Forming the Sheet

Once the pulp has been bleached and refined, it is rinsed and diluted with water, and fillers such as clay or chalk may be added. In the mechanized process, this “furnish*”, containing 99% water or more, is pumped into the flowbox of the paper machine. From the headbox, the furnish is dispensed through a long, narrow “slice*” onto the “wire*”, a moving continuous belt of wire or plastic mesh. As it travels down the wire, much of the water drains away or is pulled away by suction from underneath. The cellulose fibers, trapped on the wire as the water drains away, adhere to one another to form the paper web. From the wire, the newly formed sheet of paper is transferred onto a cloth belt (or “felt”) in the press section, where rollers squeeze out much of the remaining water. In smaller paper mills the newly formed sheet may be handled manually and stacked one layer on top of another and pressed using a hydraulic press to remove the excess moisture.

Coating, Drying, and Calendering

After leaving the press section, the sheet encounters the drying cylinders. These are large hollow metal cylinders, heated internally with steam, which dry the paper as it passes over them. The sheet will be wound up and down over many cylinders in the drying process. Between dryer sections, the paper may be coated with starch to improve the printing and strength characteristics. After another round of drying, the paper sheet is passed through a series of polished, close-stacked metal rollers known as a “calender” where it is pressed smooth. Finally, the sheet is collected on a take-up roll and removed from the paper machine.

Cutting and Packaging

In many cases, the new paper roll is simply rewound on a new core, inspected, and shipped directly to the customer. Other paper grades, however, may be further smoothed by passing them through a “supercalender” where the sheet is polished by passing between steel and hard cotton rollers (much like ironing fabric), or they may be embossed with a decorative pattern. The paper may also be cut into sheets at the mill, often by automatic equipment which accepts a roll of paper at one end and delivers packages of cut sheets at the other, already boxed and wrapped for shipping.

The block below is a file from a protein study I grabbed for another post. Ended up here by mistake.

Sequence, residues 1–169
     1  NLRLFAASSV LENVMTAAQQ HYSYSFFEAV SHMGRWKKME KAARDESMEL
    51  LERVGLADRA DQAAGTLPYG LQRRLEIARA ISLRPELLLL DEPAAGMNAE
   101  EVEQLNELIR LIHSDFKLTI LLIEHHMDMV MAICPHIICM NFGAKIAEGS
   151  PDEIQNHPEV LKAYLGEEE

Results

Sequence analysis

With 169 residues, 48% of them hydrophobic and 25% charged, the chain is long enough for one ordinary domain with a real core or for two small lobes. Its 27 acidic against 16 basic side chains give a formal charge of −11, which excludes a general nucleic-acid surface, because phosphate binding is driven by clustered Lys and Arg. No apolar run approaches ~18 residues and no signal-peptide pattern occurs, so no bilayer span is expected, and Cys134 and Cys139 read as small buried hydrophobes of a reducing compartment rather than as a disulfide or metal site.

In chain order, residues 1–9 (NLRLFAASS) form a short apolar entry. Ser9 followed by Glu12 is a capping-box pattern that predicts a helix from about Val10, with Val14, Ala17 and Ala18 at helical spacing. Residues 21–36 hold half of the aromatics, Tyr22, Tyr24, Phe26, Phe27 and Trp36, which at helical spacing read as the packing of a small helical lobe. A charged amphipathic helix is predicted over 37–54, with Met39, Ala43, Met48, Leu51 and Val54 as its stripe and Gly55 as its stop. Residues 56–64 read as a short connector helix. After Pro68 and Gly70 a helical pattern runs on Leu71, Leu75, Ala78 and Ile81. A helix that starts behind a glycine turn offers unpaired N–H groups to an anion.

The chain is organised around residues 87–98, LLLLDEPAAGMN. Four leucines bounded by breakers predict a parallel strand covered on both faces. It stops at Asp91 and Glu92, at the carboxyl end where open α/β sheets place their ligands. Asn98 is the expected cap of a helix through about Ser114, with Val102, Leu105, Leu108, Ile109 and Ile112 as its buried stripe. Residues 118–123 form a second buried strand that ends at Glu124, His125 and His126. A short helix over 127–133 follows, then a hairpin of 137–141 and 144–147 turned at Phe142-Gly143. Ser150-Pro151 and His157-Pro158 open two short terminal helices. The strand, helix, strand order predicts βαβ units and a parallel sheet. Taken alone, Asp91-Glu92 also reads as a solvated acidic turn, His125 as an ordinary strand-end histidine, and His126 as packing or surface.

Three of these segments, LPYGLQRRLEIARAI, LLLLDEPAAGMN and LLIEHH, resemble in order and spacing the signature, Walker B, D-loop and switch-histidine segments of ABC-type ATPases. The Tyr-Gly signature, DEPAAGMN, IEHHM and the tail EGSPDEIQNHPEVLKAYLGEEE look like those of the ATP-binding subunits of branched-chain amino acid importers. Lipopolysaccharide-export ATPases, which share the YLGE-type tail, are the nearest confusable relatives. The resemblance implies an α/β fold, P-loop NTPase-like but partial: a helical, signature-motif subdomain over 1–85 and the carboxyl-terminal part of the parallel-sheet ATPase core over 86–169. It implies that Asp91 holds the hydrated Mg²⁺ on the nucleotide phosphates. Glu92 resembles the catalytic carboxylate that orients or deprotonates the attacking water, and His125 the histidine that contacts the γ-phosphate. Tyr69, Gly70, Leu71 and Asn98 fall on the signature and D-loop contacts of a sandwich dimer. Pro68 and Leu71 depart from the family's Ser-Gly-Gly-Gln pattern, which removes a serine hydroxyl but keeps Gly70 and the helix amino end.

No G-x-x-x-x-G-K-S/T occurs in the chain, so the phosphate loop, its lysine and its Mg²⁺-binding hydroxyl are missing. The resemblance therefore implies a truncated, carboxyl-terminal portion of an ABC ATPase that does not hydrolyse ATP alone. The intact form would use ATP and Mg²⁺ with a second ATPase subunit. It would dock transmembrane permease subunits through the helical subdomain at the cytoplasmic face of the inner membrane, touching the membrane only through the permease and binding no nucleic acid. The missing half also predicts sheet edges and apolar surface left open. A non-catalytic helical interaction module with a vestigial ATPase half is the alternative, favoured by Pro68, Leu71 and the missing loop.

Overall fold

Case Study – TARA

Established in 1988, TARA (Technology and Action for Rural Advancement) has now become a major manufacturer of handmade paper. It is the production and marketing wing of Development Alternatives, an international network dedicated to sustainable development, and operates on four basic principles. It aims to create new, local jobs – particularly for unskilled women and currently employs 35 women and 7 men. It makes products for basic needs and conserves scarce resources, for example, wood and water, through using alternative materials and recycling. It tries to minimize pollution.

Production of handmade paper The basic principles of handmade papermaking are quite similar to those in large mills.

Sorting and dusting. The raw material, in this case mainly rags, is sorted manually to remove buttons, plastic, synthetic fibers and other foreign materials. It is also given a vigorous shake to remove the dust and dirt.

Rag chopping. The sorted material is chopped into small uniform sized pieces.

Digestion and beating. The raw material is mixed with water and inert chemicals, such as chalk, clay, alum or rosin, and beaten in a Hollander beater. This is an oval U-shaped trough, with a heavy roll; the face of the roll carries hard wearing metal bars and similar bars are set into the
plate below the roll, which cut the raw material to make the pulp (see figure2). There is also a washing drum, which cleans the pulp and removes the dirty water. The consistency of the pulp determines the quality of the paper which will be made.

source: www.practicalaction.org